Wiedenfels said the merger between HBO Max and Discovery+ would first occur in the U.S. in the summer of 2023, with rollouts in other regions of the world to follow. He said that the new service would have three payment tiers: a free tier with ads; a discounted tier with minimal ads; and a premium tier with no ads. The announcement came on the heels of Netflix’s decision to add a lower-cost subscription with commercials.

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Movie lovers will have to head back to theaters

When movie theaters shuttered due to the pandemic two years ago, many analysts predicted that a new era of streaming movies was imminent, in which viewers would grow accustomed to watching movies from their couches.

Zaslav firmly rejected that narrative on Thursday, saying the company would “fully embrace theatrical.” He says the company will no longer release films on streaming at the same time as in theaters, and that streaming-only projects like Batgirl would not be a part of their strategy at all. “This idea of expensive films going to direct to streaming: we cannot find an economic case or value for it,” he said. (Netflix, meanwhile, just greenlit a sequel to its $200-million Gray Man action thriller.)

Wiedenfels added that the cancellation of projects that were already in production—like Batgirl, Scoob: Holiday Haunt, and The Wonder Twins—were “difficult decisions, but we are committed to being disciplined about a framework that guides our content investment for maximum return.”

Superheroes, forever

Given the astonishing global success of the Marvel Cinematic Universe, perhaps it isn’t surprising that WBD wants to replicate it with its DC Extended Universe. Zaslav actually said that the company is in the midst of building out a 10-year plan modeled after Kevin Feige’s at Marvel—so get ready for a whole lot more of Wonder Woman, Aquaman, and the rest of the Justice League gang. “As we look at the opportunities we have broadly, DC is top of the list for us,” Zaslav said.

Zaslav even mentioned the upcoming and embattled The Flash movie as one of the films he was “very excited” about. (The Flash’s star Ezra Miller has had several run-ins with the law recently.) When explaining the decision to ax Batgirl, Zaslav said: “We’re not going to release a movie unless we believe in it…Our job is to protect the DC brand.”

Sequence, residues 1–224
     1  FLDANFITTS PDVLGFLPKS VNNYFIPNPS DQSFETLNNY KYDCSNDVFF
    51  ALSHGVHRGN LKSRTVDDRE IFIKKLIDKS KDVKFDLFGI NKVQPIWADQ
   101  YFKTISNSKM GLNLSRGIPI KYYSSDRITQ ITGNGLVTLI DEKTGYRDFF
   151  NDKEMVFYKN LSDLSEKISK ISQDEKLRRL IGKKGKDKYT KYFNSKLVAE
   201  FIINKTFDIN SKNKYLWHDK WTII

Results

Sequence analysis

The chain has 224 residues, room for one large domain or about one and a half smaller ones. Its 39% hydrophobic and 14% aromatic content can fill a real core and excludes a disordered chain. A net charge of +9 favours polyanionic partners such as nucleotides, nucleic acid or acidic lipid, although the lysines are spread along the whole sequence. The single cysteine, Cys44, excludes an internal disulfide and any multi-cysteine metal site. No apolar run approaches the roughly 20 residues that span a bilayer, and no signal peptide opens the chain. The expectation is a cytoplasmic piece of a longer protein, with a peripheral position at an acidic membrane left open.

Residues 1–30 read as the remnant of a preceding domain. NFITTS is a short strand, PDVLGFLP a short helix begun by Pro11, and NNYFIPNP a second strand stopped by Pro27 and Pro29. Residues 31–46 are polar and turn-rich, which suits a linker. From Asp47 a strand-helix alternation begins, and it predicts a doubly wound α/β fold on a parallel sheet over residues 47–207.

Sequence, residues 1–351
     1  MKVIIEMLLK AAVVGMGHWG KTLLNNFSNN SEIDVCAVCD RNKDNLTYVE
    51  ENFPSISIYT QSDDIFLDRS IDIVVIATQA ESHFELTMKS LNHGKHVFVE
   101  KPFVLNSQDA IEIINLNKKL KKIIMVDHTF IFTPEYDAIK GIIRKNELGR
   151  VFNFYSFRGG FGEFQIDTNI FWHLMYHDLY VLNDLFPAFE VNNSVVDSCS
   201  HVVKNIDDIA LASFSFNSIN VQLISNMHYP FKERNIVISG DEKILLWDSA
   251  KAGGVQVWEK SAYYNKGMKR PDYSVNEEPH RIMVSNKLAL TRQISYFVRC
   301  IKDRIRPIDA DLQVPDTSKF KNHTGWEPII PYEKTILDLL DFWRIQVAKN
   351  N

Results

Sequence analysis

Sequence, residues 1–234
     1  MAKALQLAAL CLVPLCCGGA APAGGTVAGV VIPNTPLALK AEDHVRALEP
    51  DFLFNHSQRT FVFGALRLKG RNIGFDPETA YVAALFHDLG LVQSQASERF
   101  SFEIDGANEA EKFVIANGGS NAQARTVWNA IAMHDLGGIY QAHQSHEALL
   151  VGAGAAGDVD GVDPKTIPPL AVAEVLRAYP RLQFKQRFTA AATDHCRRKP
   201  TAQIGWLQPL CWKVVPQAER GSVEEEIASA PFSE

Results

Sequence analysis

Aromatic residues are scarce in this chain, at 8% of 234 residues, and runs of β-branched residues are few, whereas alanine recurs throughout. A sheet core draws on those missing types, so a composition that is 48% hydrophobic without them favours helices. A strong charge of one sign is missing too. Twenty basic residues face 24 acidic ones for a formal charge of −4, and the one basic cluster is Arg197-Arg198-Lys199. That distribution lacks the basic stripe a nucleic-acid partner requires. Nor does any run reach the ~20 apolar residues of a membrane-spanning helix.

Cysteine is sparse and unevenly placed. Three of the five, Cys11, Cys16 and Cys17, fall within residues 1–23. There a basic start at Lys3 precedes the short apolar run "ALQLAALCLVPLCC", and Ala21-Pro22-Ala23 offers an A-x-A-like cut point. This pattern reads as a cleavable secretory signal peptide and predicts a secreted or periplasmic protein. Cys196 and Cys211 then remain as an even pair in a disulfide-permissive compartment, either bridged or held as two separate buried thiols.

The big tent approach is winning

Should streaming services be specialized according to taste, or have something for everyone? Streaming companies have taken different strategies on this question: Disney+ has gone all-in on family-friendly programming (though its parent company captures different audiences with Hulu and ESPN+), while Netflix has tried to cast as wide a net as possible.

The merging of HBO Max and Discovery+, two specialty platforms, shows perhaps that the one-lane approach is not viable for major corporations. Despite a recent study showing that HBO Max has the highest level of satisfaction among customers, WBD decided that they could make more money by pairing it with Shark Week. It seems that with every new earnings call, the certainty that we’re headed back toward a cable package-like world increases.

Westcott, the analyst, says that it has become clear that most people won’t pay for more than a few streaming subscriptions, especially with “inflation, the threat of recession, and people having less money in their pockets.” He points to the fact that in Europe, titles across Paramount Pictures, Peacock and Universal are already getting bundled together rather than having to compete with one another.

WBD’s moves continue that trend—and also reveal the increased importance of courting not just a well-off U.S. subscriber base, but the entire world. “Netflix, Apple and Amazon are global platforms in a way that HBO perhaps wasn’t: the U.S. was still by far its major market,” Westcott says. “So when you’re developing a content plan for a streaming service, you have to think about the international market as well.”